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Synergising Freedom, Prosperity and Big Government (1)

By News Express on 12/06/2017

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Countries with larger government sectors tend to have more personal freedom, so says economists, (libertarian economists included) from the Cato Institute. You know economists love to measure things, so the Human Freedom Index (HFI) from the Cato Institute is a case in point here. Its authors have assembled dozens of indicators of personal and economic freedom. They invite interested researchers to use them to explore “the complex ways in which freedom influences, and can be influenced, by political regimes, economic development, and the whole range of indicators of human well-being.”

This write-up takes a look at what we can learn from the data about the relationships among freedom, prosperity, and government. The relationships may turn out to be not quite as simple as many libertarians might think.

The Human Freedom Index consists of two parts. One is the Economic Freedom Index (EFI) from the Fraser Institute, which includes measures of the size of government, protection of property rights, sound money, freedom of international trade, and regulation. The other is Cato’s own Personal Freedom Index (PFI), which includes measures of rule of law, freedom of movement and assembly, personal safety and security, freedom of information, and freedom of personal relationships. The Cato and Fraser links provide detailed descriptions of the two indexes.

In order to explore the way freedom influences other aspects of human well-being, I will draw on a third data set, the Legathum Prosperity Index (LPI) from the Legatum Institute. The LPI includes data on nine “pillars” of prosperity, including the economy, business environment, governance, personal freedom, health, safety and security, education, social capital, and environmental quality.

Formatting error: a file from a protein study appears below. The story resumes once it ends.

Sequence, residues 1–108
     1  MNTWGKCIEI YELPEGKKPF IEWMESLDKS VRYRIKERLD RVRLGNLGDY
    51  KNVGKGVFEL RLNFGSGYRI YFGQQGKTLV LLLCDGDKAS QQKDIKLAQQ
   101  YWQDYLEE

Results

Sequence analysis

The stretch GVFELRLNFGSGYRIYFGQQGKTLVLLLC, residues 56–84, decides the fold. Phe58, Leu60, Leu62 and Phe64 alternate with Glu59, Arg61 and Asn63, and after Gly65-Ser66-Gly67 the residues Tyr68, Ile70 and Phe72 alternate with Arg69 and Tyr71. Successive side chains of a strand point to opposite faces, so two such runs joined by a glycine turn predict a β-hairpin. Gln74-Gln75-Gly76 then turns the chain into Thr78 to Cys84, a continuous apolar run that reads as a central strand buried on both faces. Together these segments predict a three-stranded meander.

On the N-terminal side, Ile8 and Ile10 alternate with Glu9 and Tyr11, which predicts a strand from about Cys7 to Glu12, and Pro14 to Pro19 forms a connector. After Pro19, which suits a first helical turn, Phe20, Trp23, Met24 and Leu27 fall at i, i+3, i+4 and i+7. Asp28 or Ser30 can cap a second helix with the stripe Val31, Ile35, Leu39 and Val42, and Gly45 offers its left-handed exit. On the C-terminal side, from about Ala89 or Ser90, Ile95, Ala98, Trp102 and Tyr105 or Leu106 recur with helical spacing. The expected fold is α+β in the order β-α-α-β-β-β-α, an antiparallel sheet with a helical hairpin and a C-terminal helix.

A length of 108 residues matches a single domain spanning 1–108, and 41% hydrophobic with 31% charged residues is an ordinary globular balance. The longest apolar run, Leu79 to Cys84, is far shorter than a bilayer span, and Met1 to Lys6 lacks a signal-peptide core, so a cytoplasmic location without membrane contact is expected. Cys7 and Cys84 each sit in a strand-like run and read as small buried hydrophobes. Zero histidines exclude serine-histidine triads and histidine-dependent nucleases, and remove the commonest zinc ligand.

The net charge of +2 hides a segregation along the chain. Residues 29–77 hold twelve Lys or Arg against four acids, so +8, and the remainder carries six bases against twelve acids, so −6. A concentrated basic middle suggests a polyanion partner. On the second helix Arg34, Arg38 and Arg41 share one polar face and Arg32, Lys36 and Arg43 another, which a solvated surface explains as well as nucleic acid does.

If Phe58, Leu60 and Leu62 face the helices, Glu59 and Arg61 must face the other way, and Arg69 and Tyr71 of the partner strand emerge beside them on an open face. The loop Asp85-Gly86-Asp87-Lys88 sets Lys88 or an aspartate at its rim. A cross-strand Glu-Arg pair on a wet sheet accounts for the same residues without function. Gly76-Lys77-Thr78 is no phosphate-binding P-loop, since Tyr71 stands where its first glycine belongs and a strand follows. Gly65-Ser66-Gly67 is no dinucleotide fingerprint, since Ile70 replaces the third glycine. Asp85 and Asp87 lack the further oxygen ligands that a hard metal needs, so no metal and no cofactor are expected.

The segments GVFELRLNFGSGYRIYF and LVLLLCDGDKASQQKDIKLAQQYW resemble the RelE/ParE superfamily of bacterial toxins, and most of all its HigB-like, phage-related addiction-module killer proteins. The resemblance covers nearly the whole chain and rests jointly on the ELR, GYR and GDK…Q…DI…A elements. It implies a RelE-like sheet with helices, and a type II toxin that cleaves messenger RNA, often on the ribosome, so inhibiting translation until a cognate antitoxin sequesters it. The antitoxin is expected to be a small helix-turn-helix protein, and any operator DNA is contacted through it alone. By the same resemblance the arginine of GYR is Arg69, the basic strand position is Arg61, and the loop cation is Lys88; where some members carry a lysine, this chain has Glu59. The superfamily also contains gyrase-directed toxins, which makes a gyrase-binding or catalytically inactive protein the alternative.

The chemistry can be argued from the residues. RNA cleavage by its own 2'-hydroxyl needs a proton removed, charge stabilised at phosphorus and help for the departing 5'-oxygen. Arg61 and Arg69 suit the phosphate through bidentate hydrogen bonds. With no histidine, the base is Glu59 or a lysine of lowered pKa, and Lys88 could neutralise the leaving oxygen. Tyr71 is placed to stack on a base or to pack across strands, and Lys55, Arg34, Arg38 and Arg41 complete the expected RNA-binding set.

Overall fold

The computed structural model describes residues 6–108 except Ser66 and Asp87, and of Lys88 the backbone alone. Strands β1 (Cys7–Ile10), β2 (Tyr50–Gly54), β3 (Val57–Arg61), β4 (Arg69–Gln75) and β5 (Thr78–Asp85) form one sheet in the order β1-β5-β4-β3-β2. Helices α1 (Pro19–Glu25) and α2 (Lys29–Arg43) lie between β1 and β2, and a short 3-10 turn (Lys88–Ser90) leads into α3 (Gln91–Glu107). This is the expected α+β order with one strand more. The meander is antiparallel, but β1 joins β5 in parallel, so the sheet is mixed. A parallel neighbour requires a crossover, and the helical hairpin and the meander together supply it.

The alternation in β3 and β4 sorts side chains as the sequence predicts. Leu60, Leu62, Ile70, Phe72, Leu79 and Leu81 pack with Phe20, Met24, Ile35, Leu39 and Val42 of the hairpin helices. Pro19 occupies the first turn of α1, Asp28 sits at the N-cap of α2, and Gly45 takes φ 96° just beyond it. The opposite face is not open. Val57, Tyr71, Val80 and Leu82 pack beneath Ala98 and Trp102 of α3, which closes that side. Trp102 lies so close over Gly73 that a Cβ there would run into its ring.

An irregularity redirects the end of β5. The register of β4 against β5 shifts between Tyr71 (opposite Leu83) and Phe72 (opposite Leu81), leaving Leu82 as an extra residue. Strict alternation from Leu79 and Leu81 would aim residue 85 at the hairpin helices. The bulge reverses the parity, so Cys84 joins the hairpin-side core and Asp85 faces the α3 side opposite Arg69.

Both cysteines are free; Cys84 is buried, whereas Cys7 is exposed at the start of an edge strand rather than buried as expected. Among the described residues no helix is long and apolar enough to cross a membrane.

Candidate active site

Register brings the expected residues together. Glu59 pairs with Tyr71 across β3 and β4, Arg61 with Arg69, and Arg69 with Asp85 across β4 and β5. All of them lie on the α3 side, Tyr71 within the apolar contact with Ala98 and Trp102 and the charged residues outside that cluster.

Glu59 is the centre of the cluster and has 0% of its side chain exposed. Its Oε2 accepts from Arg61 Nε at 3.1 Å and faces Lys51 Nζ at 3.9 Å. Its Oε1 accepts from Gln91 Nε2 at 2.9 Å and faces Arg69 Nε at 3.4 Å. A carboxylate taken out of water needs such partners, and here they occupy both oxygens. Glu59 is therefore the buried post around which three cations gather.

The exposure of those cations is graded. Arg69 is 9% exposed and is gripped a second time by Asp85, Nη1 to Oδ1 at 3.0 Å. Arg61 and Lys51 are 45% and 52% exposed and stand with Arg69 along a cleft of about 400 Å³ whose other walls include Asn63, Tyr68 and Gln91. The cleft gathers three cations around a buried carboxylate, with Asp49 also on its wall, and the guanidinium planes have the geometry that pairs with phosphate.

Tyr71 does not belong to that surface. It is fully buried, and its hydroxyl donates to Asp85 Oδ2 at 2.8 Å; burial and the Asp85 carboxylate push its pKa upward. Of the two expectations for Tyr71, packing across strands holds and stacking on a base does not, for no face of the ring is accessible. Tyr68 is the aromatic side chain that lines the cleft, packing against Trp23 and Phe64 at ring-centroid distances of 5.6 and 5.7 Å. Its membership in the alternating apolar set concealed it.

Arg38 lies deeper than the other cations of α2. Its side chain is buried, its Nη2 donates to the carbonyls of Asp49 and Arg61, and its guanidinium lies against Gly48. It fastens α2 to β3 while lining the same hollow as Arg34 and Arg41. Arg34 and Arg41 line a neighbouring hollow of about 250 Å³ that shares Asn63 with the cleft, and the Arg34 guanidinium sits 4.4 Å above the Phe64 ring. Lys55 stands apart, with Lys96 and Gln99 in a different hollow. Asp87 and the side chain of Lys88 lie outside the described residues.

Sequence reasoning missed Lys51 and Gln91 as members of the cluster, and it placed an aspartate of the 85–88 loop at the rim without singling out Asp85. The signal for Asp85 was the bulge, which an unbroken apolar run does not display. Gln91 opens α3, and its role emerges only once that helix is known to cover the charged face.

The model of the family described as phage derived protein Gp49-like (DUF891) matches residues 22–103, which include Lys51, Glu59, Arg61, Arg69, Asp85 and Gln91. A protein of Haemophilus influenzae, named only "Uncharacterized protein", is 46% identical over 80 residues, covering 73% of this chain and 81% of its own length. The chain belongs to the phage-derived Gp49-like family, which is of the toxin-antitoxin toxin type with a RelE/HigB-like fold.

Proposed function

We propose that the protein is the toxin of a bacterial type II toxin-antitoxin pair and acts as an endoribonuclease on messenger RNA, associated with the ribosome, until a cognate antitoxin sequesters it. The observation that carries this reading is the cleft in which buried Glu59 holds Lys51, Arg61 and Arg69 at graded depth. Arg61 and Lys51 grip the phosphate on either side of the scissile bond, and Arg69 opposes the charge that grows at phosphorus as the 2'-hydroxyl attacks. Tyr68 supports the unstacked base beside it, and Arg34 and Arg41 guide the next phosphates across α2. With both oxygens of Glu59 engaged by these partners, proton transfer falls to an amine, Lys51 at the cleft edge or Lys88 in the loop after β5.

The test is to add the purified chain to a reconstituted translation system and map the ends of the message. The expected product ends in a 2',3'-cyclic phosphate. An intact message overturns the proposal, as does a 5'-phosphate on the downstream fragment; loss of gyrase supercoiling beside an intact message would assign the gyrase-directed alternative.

The EFI and PFI cover 160 countries, and the LPI 149 countries. In this article I will use the set of 143 countries, for which data are available in all three indexes. Detailed methodological information is sourced from Cato, Fraser and Legatum institutes.

We can begin by confirming a result reported in the introduction to the Cato Human Freedom Index, namely, that economic freedom and personal freedom are closely related. Expressing both indexes on a scale of zero to 10, with 10 indicating maximum freedom, following is an analysis of a scatter-plot of the two indexes.

The correlation coefficient between EFI and PFI for the 143 countries in the joint Cato-Legatum sample is 0.53 — not an especially tight relationship, but statistically significant. The slope of the trend line is 0.91, meaning that each one-point increase in the EFI score is associated with a 0.91 point increase in the PFI score.

The relationship between economic and personal freedom is partly explained by the fact that both are positively associated with income. As the next chart shows, that relationship is non-linear for both measures of freedom. The log of real GDP per capita, expressed in US dollars at purchasing power parity, provides a reasonably good fit. The correlation coefficients are 0.51 for log GDP and the personal freedom index, and 0.56 for log GDP and the economic freedom index.